The processing score for ballots, both inbound and outbound, is showing mixed results according to data submitted by the USPS to a federal court as part of a new preliminary injunction.
USPS defines processing scores as, “the time between its first and last processing operations.” A higher score means that a higher percentage of ballots are travelling through the system on-time, as expected.
According to the data, outbound ballots — heading to voters — are seeing a drop in their on-time processing nationwide. On Tuesday, USPS reported the processing score is at 88.95%, down from 95.20% on Monday and 94.07% on Friday.
Inbound ballots — heading to election officials — have seen an uptick in its nationwide on-time processing score. On Tuesday, USPS reported they were at 95.05%, up from 93.39% on Monday and 94.73% from Friday.
Although the dataset is the most precise indicator available for tracking the movement of ballots within the USPS system, the Postal Service cautions in its court filing that the data doesn’t provide the full picture. That’s because not all ballots use the intelligent mail barcodes that helps track ballots.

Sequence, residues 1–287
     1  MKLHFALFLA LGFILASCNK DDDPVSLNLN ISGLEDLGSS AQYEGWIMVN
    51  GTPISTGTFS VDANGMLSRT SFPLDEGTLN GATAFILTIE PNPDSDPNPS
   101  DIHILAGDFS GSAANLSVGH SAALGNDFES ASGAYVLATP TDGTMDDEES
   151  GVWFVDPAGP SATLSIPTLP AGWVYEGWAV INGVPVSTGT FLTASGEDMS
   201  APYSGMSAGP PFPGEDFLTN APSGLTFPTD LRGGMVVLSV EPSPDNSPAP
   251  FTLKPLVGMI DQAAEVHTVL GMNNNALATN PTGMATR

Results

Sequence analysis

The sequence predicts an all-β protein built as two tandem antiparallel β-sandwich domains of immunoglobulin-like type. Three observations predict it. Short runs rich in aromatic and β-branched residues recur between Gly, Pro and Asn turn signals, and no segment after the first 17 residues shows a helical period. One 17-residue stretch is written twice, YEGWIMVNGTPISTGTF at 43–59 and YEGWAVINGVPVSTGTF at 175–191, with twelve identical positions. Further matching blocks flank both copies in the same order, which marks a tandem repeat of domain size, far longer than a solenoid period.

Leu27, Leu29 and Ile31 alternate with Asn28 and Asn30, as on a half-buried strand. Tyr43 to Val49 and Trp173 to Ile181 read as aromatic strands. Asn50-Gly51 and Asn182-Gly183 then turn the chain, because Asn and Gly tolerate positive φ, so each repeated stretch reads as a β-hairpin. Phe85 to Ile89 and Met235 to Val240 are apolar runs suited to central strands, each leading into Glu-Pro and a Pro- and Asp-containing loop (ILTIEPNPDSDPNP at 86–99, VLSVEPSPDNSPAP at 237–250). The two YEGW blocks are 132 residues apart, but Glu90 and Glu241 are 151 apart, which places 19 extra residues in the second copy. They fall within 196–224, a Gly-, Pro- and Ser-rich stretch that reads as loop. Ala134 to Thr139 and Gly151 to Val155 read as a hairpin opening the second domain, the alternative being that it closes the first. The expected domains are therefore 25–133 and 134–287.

More data: The on-time processing score for first-class mail, which election mail is shipped at, dropped significantly — 18.75% — on Tuesday. The processing score was at 88.56% on Monday and 86.17% on Friday.
The USPS argued that the data is not an indicative of its on-time delivery performance though, saying, “does not produce accurate, reliable information, as it is incomplete, subject to change, and overall, is not an accurate representation of the Postal Service’s performance.”
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